Linked by Thom Holwerda on Fri 22nd Mar 2013 14:20 UTC
Ubuntu, Kubuntu, Xubuntu This could potentially be quite big for Ubuntu and Linux in general. Canonical and the Chinese government have announced a collaboration to build a version of Ubuntu specifically for the Chinese market, which will become the reference architecture for standard operating systems in the country.
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RE[4]: Re:
by AdrianoML on Sun 24th Mar 2013 02:14 UTC in reply to "RE[3]: Re:"
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You are somewhat right, applications that are distributed by the distribution and have source code available are packaged in a way that can easily break, not with the kernel program ABI, but with all the supporting libraries themselves. Though, in reality, it does not break because the distribution always updates any application that is about to break by changes made by newer libraries. In return we end up with binaries that are somewhat always compiled with the latest compiler improvements and a very minimal overlap of libraries.

This does not work for commercial applications, so, good packaging by the vendor part is done by statically linking as many libraries as possible, and only relying on system libraries if they have good backwards compatibility. This is somewhat similar to what windows applications tend to do. Admittedly, not all applications do this right, so applications and games might break if they are not updated by the vendor.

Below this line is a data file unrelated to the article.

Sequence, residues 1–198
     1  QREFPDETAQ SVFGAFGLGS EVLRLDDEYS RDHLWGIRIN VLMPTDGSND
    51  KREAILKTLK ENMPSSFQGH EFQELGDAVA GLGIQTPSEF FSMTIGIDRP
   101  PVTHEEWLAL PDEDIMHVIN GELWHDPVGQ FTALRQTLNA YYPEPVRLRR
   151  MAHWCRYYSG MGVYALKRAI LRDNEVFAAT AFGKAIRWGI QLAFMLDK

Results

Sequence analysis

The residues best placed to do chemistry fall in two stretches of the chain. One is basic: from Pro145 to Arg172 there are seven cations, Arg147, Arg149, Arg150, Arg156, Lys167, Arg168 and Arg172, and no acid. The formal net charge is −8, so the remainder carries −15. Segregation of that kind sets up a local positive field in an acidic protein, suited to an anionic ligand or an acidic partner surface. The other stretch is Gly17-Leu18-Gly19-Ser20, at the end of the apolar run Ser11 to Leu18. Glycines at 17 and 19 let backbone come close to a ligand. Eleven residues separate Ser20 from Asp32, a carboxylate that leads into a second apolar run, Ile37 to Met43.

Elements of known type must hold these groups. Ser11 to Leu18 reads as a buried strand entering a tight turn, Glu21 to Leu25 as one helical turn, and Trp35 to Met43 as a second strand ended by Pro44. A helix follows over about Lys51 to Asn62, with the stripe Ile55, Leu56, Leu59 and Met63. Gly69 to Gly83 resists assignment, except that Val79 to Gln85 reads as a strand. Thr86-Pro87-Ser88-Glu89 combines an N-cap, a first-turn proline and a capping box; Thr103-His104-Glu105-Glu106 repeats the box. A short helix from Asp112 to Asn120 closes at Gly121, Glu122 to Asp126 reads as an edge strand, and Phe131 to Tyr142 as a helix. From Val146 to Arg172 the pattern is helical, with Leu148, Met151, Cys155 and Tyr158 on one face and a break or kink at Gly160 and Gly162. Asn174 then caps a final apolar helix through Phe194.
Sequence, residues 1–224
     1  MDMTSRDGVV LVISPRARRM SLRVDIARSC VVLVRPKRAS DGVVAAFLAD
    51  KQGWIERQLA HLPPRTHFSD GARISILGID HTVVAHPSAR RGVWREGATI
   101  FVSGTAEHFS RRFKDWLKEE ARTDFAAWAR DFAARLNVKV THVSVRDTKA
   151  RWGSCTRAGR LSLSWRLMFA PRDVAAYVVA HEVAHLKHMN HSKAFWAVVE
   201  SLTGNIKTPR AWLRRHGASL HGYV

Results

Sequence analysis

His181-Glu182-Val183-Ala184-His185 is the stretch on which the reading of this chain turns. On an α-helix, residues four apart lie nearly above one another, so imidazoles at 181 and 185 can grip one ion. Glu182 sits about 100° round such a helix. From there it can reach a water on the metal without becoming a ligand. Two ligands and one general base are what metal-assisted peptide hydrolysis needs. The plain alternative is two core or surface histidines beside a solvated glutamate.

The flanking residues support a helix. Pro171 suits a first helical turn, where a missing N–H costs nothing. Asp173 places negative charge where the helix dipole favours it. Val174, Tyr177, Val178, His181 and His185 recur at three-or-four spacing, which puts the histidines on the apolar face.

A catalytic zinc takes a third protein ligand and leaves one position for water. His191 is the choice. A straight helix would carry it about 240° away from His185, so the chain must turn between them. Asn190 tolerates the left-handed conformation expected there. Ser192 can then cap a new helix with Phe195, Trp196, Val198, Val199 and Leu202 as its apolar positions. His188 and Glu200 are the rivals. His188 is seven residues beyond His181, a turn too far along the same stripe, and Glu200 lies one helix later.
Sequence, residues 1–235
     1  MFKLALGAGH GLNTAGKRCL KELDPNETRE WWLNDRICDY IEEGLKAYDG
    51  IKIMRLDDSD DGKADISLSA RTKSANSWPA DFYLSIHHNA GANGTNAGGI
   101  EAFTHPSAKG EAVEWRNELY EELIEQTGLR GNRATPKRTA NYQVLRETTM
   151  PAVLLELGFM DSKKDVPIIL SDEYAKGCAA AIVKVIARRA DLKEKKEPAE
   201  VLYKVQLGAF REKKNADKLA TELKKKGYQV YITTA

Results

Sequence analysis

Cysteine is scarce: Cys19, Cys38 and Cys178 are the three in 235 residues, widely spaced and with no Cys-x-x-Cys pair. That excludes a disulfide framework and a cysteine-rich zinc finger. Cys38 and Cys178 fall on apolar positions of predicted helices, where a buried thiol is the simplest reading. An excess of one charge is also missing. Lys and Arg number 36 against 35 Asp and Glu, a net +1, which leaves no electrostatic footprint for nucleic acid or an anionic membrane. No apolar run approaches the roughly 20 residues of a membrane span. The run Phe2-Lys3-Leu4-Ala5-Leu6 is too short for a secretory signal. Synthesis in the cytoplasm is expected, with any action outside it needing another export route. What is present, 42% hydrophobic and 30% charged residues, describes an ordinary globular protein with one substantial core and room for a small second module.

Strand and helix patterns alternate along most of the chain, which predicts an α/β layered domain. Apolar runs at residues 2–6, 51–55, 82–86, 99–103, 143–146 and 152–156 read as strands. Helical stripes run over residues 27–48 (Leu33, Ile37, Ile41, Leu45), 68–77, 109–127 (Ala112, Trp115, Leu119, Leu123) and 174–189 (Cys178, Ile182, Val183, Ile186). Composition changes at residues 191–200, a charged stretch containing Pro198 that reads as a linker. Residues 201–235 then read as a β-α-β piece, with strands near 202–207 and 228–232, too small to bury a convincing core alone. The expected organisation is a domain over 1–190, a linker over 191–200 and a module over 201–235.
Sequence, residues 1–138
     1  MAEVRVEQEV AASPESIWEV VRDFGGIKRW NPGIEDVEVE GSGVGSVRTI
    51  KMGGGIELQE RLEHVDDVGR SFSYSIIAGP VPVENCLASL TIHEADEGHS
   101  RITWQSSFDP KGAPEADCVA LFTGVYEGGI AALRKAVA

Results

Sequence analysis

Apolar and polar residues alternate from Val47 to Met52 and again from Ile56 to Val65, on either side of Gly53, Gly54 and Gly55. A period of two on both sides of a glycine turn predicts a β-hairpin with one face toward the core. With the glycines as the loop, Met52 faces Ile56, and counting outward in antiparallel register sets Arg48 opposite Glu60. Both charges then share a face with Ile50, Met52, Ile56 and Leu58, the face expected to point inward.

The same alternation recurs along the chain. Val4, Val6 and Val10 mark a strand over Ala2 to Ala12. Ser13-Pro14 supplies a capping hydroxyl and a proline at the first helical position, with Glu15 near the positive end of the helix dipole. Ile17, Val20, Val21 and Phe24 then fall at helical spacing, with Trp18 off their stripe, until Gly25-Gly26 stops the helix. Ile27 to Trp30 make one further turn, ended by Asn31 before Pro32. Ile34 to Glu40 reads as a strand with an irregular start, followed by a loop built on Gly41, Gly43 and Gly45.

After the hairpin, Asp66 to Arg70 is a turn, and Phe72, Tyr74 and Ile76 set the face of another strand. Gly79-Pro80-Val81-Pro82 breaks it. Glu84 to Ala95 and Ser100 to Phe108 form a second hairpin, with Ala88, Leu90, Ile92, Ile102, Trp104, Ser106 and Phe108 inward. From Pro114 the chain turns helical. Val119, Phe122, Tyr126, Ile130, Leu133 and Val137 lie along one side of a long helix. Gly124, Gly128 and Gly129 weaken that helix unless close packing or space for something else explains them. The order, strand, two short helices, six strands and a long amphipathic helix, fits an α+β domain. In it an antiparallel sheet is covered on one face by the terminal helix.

Luckly Loki Games had the decency of crating the freaking SDL library that interfaces with most things a game needs, and with a very solid abi/api that is still in use today by new games. The result is that you can run some of their really old games with no trouble in new systems. You still get stuff like sound missing due to no OSS support anymore, but you can fix it by installing a OSS backend for pulseaudio.

There is also the fact that binary applications do not tap into the distribution package manager, so they can't check if the necessary system libraries are all installed. This ends up as a unfortunate burden to the user...

Edited 2013-03-24 02:17 UTC

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